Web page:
11/24 – D.B. Cooper

FBI sketch of D.B. Cooper and one of the suspects. (source: Dreshare.com)

On this day in 1971, Northwest Orient Airlines Flight 305 was hijacked by a man known as “D. B. Cooper” (or Dan Cooper). The flight was a 30-minute trip from Portland, Oregon to Seattle, Washington. Soon after takeoff, “Cooper” passed a note to a stewardess; assuming she was being given the man’s phone number, she put the note into her purse. Cooper – an average-looking caucasian man wearing a suite and clip-on tie – indicated that he had a bomb in his bag, and politely requested $200,000 and a parachute. The aircraft’s crew radioed ground control and the Federal Bureau of Investigations (FBI) was contacted. Before landing, Cooper paid for a drink and chatted about the weather and local terrain. The plane landed safely in Seattle and the money (equivalent to $1.2 million in 2019) and parachute were brought on board. All passengers were removed from the plane.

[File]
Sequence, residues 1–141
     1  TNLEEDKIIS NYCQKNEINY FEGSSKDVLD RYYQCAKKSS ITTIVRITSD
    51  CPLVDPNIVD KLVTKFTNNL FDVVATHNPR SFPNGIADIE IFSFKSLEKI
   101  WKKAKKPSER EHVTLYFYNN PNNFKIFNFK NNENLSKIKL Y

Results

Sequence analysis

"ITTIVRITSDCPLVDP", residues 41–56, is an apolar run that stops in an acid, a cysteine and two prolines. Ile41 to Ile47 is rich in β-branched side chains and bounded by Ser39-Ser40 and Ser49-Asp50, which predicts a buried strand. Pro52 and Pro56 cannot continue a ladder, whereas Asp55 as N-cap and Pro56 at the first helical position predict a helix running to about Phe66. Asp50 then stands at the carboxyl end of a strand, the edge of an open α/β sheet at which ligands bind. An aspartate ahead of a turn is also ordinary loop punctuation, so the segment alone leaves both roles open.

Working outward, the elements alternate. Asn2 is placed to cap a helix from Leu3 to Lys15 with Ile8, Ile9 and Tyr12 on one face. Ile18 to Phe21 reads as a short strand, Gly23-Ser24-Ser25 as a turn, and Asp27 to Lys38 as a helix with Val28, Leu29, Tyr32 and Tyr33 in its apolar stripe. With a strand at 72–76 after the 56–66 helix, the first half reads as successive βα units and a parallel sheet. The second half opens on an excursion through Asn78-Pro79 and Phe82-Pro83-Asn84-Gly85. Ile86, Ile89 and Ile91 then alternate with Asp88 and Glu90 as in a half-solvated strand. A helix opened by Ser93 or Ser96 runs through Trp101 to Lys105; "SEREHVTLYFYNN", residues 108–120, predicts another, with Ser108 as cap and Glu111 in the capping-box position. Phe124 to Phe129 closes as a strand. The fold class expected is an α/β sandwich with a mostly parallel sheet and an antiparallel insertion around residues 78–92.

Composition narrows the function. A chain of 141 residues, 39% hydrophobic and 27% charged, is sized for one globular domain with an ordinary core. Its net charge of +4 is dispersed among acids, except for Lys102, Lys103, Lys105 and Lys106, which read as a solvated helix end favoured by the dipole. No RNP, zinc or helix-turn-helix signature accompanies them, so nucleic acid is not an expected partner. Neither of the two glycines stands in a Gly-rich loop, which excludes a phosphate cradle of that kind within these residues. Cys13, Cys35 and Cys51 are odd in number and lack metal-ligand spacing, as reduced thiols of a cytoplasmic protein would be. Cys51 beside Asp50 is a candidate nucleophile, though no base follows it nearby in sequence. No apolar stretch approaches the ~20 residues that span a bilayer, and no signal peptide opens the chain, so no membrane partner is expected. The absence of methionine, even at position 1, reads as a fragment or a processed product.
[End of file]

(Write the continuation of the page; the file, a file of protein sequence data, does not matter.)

The plane was refuelled and took off, heading towards Mexico City. At some point during the flight Cooper opened the passenger door, extended the stairway and jumped from the aircraft. The bizarre crime inspired a number of imitators in 1972 (one man hijacked an Air Canada plane but was beaten up by the crew as he strapped on his parachute) – but D.B. Cooper, the polite man in the suit and clip-on tie was, never seen again.

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